If you experienced lightheadedness or nausea, lie down with your feet up to help alleviate these symptoms.
For 24 hours after donating, you will need to ensure you replenish your fluids. You can do this by drinking an extra 4 cups of water, and avoiding alcohol.
How It Works
How To Start
If you choose to go ahead with giving a blood donation (first of all thank you!) you will need to start off by registering. You can do this on the NHS Blood & Transplant Website.
You will first need to answer some questions to confirm your eligibility to donate (there are also blood donation calculators online available that you can check beforehand), and then proceed to the registration process. This can include providing identification and your medical history.
Once this is done, you will be contacted confirming your registration along with an invitation to book your appointment to donate. A donation station/centre will be recommended for you based on your location. There are permanent donation centres available across the UK, but there may also be some community-based venues (otherwise known as mobile donation centres) that are created on a temporary basis.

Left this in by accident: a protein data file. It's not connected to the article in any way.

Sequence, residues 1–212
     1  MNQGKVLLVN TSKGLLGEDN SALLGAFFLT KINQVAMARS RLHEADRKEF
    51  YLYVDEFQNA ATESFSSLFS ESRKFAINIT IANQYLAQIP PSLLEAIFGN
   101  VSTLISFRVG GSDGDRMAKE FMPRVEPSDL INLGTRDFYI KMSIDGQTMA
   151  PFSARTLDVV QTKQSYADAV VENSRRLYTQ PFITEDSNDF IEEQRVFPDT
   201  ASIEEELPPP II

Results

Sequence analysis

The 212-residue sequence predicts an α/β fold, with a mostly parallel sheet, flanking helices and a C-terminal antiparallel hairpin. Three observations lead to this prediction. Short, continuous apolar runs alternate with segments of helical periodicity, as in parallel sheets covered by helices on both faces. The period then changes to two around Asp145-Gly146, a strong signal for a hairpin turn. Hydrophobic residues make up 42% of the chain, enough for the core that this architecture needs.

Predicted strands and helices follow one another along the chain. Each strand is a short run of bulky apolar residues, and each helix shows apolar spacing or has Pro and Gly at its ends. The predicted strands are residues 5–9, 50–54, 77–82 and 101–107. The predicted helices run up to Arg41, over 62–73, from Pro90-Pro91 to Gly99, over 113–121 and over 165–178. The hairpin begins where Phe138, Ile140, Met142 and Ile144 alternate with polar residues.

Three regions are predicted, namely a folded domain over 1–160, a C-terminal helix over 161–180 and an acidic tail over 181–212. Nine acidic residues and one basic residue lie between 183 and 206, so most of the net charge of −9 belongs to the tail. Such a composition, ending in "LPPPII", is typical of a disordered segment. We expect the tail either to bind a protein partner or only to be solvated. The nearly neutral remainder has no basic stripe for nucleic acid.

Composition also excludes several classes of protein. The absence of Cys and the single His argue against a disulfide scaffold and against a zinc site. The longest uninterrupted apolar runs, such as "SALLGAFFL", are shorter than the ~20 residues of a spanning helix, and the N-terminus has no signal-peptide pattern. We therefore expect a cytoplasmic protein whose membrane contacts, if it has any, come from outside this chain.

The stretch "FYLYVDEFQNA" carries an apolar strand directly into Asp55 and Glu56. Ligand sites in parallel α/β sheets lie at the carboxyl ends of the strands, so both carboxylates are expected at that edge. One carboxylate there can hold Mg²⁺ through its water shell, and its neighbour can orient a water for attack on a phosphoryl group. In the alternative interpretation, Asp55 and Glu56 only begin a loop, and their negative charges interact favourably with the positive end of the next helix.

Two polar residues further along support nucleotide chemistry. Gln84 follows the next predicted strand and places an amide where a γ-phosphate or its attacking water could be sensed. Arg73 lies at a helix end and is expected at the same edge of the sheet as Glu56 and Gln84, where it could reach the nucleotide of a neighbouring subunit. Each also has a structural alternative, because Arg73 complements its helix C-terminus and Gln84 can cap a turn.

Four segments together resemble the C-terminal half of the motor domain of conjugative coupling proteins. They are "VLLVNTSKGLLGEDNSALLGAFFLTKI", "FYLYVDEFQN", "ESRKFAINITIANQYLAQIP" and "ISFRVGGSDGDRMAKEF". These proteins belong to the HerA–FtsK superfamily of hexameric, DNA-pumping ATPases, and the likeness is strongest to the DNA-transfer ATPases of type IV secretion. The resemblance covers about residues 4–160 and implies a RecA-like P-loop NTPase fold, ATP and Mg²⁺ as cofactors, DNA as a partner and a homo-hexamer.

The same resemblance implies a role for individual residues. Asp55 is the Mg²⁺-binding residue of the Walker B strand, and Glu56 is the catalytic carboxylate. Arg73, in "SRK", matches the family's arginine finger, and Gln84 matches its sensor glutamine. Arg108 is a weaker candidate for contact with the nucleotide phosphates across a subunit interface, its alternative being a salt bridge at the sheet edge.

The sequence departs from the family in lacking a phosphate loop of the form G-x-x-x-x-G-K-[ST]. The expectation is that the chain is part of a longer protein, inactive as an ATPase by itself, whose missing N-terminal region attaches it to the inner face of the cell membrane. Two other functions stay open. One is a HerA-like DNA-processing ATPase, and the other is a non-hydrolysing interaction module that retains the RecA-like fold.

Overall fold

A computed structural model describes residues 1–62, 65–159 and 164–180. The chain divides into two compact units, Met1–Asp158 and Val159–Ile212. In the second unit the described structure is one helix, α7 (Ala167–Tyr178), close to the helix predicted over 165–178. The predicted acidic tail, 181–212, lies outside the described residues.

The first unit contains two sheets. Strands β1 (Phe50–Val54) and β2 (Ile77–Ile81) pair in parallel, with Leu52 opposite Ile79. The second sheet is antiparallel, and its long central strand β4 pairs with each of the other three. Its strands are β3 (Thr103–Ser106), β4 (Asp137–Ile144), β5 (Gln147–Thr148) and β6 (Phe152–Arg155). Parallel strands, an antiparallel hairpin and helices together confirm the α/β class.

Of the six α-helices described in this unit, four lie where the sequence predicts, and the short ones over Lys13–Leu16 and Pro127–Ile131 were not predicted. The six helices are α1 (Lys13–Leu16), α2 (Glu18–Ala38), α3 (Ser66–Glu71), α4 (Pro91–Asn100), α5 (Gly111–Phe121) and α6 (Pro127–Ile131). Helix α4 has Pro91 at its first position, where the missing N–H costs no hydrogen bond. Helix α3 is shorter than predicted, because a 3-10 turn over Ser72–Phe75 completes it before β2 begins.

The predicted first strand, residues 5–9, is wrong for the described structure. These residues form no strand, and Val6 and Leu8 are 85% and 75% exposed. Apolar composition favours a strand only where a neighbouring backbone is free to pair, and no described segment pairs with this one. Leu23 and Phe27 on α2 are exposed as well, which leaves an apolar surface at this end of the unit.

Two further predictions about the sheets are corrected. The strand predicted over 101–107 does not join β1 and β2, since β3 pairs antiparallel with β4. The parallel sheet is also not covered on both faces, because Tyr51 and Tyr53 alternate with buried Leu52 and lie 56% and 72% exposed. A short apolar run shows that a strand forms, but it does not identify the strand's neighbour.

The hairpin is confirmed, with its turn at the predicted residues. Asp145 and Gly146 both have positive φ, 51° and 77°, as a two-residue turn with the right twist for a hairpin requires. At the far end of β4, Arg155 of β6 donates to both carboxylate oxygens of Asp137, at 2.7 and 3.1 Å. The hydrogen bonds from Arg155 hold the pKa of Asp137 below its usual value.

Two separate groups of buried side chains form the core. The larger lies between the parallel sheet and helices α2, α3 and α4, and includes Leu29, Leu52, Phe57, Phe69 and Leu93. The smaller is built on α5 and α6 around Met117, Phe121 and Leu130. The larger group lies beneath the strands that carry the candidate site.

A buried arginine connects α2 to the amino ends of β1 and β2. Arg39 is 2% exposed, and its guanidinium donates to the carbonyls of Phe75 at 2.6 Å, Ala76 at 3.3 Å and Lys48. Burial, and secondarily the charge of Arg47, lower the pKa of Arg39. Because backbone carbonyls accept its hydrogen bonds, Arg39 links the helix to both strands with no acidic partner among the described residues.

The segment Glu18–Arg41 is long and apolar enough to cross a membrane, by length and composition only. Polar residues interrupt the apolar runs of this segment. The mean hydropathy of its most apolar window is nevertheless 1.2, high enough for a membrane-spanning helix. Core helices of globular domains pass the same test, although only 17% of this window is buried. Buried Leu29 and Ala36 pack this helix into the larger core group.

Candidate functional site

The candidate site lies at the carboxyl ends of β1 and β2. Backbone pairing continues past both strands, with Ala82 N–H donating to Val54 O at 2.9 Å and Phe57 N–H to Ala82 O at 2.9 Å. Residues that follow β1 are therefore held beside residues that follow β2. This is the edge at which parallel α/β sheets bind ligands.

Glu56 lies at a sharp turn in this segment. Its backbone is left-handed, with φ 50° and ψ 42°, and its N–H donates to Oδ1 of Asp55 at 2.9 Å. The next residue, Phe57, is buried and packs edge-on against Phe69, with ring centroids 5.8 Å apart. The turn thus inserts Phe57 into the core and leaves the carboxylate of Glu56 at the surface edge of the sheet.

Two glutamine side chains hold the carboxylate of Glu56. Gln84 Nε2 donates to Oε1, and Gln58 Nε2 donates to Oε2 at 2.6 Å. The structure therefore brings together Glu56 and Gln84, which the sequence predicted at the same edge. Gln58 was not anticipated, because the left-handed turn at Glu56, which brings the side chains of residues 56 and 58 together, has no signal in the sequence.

The Donation Process
A simplification of the process would be that you will have a quick health screening, a needle will be entered into your arm, and your blood will be collected through a connected wire where it’ll enter a blood bag. In about 5-10 minutes, once the bag has reached the required weight, the needle will be removed and your arm will be sterilised.
When giving blood, you’ll tend to donate about one pint, which your body will replenish within 24 hours.
When you registered to donate, you are likely to have been given information about the process, but if you haven’t it is available on the NHS Blood & Transplant website.
The rules regarding being able to give blood have continued to vary over the years, with the last change coming into effect on 14th June 2021. They are always under review and like most things, they are likely to change in the future as more studies are done.